Firstly, Edwards gets the audience right, at least initially. The text is not so much about God raging against the world, it is about God’s broken heart about his own people!  Edwards describes them as “wicked unbelieving Israelites, who were God’s visible people, and who lived under the means of grace; but who, notwithstanding all God’s wonderful works towards them, remained… void of counsel, having no understanding in them.”

In this he is, indeed, reflecting the focus of judgement language in the New Testament. e.g. Jesus uses language such as “hypocrites” and John talks about “a brood of vipers”, referring to his own people. Similarly, it is the temple which will have no stone left on top of another. It is a message, first and foremost, to the people of God, including the church.

This understanding locates judgement in the midst of grace. Jesus is no Pharisee, loading down but not lifting a finger to help. No, he is the good shepherd, reflecting the heart of his Father.  He has come to his intransigent people, to take responsibility for them if they would have him.

You ask “should we talk more about the reality of hell?”  If we do, we need to take heed; we can’t preach judgement without going through our own refining fires.  And sometimes I see a whole bunch of tinder-dry unChristlikeness amongst those who take Christ’s name. I fear it needs to be a great conflagration, and I am well and truly including myself in this brood.

Secondly, Edwards asserts that the wrath of God is real and present, withheld only by his grace, and he is right about this.  This is hard for people to hear, (we are understandably uncomfortable with divine anger!), and it should always be communicated clearly.  But it must be, and can be, communicated:

After all, the wrath of God is simply an aspect of his justice. It isn’t fickle, or out-of-control. It is the appropriate response to wrongdoing. We are bland and apathetic, God is not. We harden our hearts and walk past injustice, God does not. There are times we should be more angry at the unchecked sin in the world, and certainly at the unchecked sin in our own lives. The fact that there are homeless people on the streets of my otherwise middle-class town, is an injustice, it should move us. The tears of a teenager misused by her porn-addicted boyfriend, should induce something in us; a cry for justice at the least, the power to act if we can. Those who don’t want God to be wrathful shouldn’t also ask us to care about #metoo. God is not #meh about this world.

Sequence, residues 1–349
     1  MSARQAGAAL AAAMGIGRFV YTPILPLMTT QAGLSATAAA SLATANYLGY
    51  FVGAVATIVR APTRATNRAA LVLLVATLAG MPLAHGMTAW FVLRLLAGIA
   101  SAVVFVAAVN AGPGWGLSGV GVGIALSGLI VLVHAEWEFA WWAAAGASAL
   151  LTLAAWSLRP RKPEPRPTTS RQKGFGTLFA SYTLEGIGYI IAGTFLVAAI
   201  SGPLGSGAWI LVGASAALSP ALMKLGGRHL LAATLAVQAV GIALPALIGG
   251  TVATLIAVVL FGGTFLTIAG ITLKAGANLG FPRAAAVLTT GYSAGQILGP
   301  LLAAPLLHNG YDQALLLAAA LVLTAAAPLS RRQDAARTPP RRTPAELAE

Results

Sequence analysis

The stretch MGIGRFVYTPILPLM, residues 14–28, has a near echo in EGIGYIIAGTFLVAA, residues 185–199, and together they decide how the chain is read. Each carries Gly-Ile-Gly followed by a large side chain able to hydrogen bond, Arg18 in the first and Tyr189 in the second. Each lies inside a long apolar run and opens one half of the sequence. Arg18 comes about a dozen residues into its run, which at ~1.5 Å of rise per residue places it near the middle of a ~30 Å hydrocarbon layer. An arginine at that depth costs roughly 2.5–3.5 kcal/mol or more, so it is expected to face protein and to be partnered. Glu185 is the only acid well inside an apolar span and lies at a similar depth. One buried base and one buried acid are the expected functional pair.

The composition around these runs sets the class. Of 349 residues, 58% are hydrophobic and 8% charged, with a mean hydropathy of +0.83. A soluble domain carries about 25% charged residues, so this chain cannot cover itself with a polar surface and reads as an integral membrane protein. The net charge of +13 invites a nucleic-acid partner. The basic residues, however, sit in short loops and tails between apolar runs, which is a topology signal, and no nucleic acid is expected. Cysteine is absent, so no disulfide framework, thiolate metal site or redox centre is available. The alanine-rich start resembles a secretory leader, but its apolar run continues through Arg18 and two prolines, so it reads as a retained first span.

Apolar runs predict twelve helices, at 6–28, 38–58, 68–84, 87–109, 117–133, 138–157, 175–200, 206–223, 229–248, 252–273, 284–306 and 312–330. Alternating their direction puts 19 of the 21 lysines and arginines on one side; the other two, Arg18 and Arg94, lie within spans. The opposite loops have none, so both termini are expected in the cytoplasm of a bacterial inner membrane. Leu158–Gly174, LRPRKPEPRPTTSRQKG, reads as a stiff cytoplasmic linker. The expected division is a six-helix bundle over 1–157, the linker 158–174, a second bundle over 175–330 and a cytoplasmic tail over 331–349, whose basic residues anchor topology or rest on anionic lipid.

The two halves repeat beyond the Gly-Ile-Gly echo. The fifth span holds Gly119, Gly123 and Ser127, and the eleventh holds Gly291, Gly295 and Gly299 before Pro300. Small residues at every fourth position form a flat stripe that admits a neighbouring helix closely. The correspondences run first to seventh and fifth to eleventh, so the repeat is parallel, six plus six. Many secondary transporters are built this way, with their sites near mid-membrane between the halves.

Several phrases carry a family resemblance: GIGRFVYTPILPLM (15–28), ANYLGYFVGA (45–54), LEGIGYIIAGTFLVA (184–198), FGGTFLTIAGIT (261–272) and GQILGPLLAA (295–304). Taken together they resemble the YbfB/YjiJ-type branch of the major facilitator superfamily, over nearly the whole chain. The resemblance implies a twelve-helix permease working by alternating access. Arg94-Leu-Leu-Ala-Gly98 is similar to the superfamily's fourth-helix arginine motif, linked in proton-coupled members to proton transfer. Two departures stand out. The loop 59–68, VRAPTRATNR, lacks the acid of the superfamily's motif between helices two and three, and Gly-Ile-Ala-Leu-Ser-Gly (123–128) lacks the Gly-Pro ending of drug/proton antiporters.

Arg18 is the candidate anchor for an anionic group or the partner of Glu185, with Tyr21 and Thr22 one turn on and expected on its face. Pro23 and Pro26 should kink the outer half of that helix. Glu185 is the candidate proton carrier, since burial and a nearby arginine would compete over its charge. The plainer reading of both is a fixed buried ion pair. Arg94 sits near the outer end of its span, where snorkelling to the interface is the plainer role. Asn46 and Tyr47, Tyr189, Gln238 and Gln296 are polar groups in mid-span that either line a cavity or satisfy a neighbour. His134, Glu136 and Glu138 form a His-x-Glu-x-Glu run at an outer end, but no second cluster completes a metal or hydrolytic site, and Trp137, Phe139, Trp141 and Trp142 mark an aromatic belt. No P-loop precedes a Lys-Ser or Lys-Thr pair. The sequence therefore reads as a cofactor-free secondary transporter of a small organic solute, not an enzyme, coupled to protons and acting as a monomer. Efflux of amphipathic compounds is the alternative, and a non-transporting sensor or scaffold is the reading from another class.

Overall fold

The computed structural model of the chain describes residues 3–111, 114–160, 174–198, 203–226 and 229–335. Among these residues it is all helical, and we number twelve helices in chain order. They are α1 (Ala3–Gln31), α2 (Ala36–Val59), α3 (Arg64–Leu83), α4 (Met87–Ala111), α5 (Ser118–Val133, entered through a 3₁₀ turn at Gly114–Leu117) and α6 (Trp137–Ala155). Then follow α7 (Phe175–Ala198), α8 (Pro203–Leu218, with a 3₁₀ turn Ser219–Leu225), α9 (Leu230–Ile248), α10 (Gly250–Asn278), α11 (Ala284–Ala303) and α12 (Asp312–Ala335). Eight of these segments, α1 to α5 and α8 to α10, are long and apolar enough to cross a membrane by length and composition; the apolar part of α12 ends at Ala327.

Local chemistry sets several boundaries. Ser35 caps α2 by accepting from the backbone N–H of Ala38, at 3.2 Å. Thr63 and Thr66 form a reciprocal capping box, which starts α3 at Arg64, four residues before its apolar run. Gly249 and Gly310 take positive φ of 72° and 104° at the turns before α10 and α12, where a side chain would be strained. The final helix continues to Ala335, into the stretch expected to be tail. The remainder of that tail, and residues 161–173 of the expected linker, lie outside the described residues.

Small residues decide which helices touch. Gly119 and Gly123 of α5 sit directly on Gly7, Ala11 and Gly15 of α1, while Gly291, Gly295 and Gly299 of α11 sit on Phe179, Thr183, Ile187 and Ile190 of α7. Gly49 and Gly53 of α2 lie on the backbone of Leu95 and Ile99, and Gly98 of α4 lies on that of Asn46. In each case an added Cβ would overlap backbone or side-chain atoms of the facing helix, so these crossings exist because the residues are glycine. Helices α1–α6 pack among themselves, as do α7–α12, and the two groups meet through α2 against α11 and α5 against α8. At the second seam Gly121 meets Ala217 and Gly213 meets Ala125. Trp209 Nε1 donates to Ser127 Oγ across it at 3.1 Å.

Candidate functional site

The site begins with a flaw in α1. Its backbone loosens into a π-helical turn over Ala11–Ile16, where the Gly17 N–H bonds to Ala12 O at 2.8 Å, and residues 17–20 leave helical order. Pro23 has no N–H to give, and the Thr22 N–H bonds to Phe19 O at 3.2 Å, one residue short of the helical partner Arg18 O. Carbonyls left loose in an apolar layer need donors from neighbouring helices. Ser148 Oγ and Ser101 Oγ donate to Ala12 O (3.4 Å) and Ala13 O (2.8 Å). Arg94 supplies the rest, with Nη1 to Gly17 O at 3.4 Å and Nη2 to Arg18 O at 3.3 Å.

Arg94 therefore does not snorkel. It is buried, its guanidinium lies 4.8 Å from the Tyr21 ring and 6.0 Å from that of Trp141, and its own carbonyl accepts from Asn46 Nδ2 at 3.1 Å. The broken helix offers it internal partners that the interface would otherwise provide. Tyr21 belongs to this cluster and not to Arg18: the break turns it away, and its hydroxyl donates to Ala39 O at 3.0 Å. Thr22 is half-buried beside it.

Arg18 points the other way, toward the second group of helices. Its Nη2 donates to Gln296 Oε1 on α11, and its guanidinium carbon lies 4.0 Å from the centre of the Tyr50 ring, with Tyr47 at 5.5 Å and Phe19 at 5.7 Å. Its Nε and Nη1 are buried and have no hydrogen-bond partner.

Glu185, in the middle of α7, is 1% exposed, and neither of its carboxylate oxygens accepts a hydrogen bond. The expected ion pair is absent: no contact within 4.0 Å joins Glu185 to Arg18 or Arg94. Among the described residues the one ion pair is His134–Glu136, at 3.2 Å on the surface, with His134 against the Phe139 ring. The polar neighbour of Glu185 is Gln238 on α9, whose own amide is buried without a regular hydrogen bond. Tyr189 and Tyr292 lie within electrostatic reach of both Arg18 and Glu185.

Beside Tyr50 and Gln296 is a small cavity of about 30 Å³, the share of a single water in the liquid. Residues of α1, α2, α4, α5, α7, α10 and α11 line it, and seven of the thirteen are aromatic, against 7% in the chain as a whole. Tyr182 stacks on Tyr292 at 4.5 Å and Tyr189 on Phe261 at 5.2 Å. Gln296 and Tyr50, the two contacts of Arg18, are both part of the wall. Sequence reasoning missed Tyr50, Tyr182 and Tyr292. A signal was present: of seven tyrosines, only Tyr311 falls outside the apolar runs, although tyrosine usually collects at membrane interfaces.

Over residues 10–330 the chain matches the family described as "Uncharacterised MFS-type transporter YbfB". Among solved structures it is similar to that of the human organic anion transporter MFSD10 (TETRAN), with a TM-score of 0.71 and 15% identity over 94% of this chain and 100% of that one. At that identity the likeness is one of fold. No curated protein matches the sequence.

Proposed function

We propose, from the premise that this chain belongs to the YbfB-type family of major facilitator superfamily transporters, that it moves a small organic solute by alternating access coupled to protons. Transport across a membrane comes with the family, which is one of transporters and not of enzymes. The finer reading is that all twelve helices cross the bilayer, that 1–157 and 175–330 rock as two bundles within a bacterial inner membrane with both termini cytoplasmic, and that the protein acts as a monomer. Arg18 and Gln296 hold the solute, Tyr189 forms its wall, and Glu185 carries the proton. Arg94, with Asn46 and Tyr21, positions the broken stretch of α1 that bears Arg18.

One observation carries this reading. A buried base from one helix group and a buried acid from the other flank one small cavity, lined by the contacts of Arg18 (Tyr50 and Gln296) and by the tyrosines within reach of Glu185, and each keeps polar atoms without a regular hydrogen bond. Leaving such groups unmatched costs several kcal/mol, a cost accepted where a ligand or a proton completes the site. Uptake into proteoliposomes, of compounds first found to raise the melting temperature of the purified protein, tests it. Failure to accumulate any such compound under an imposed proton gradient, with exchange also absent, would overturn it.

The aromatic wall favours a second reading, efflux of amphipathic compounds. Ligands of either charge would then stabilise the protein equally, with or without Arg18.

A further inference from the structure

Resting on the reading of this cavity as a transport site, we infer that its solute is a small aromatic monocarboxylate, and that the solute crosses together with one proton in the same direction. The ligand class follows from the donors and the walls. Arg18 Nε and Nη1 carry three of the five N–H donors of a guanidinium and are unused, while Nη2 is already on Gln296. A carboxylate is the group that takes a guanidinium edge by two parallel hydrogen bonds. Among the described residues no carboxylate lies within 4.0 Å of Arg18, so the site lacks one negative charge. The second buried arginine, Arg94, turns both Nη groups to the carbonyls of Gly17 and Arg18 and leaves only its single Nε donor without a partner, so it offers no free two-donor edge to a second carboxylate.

Similarly, the wrath of God is never disconnected from his righteousness and his grace.  We sometimes have this image of God as someone caught in an internal battle “Do I love them, or do I hate them?” No, God is love in all things. “Making things right” through bringing justice in judgement is an act of love. Withholding judgement as an act of grace is love. When we face analogous issues – say, perhaps, in our parenting – we often experience conflict because we lack the wisdom, or the security, or, indeed, the affection to do it well. God does not lack those things.

So should we talk about these things? Yes. In fact, our current series at the St. Nic’s evening service is looking at the foundations of faith, drawing on the list in Hebrews 6:1-2 as an inspiration. “Eternal judgement” is one of the topics we will be looking at.  The application will likely include those things that you mention: gratitude about the grace of God, and urgency about declaring the gospel. It will also include the imperatives that relate to pursuing God’s the Kingdom come, on earth as it is in heaven.

But your question is not just about judgement, it is about the concept of hell. And this is where you’ll probably find that I differ from Edwards. I push back at the caricature of “total eternal torment”, for I find little, if any, of it in the Bible.  If anything, the exact nature of the final state after judgement, is a second-order issue for me; I won’t go to the stake for it.

My eschatology (my understanding of “the end”) looks to the renewal of this earth as the gospel hope.  I’ve talked about this in my review of N. T. Wright’s excellent Surprised By Hope. Wright draws on C. S. Lewis with regards to the outcome of judgement, and speaks of a final state of “beings that once were human but now are not, creatures that have ceased to bear the divine image at all.”

Wright’s view has merit. My own take is closer to annihilationism, that the outcome of eternal judgement is either eternal life (for those in Christ), or simply ceasing to exist (you can’t get more eternal than that). I’ve written about this before, and I won’t reiterate it here.

So yes, we should talk about these things more. But here’s my final thought: You say “I want to belong to God to escape the horror of hell” and I get that. But I don’t think I would quickly, if ever, say it that way. I would say this: I want to belong to God, because he is the most holy, delightful, awe-inspiring, identity-giving, glorious One. He is my eternal Father, and I love him.